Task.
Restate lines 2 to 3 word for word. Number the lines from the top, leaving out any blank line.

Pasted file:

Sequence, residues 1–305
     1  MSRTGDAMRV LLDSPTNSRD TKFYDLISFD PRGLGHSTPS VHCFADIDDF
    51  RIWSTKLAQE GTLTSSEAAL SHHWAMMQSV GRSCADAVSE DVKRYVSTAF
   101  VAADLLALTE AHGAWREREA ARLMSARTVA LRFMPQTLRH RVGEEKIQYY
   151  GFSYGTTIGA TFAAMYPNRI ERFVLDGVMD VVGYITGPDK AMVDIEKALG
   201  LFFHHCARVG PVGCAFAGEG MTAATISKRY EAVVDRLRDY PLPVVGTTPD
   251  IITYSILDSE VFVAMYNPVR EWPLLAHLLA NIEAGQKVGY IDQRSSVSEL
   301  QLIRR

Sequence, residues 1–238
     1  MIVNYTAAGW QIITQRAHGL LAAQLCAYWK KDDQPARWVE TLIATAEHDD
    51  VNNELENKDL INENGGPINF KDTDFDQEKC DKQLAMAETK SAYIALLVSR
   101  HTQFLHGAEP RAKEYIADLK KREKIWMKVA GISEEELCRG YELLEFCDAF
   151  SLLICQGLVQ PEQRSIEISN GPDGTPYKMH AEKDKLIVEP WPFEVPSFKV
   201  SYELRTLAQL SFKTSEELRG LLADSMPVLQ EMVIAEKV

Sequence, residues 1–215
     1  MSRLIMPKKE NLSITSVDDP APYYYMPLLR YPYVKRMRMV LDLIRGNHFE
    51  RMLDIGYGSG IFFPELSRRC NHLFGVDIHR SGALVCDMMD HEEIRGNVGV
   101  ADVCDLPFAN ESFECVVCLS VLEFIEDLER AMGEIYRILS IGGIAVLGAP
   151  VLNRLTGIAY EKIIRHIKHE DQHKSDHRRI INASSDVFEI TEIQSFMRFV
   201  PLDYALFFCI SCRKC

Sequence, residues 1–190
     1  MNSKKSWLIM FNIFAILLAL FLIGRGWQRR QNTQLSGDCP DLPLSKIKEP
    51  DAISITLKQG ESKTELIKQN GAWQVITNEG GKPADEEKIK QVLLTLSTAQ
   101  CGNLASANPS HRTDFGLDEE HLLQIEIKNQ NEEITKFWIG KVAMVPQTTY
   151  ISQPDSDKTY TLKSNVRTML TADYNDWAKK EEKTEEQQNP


     1  MSRTGDAMRV LLDSPTNSRD TKFYDLISFD PRGLGHSTPS VHCFADIDDF
    51  RIWSTKLAQE GTLTSSEAAL SHHWAMMQSV GRSCADAVSE DVKRYVSTAF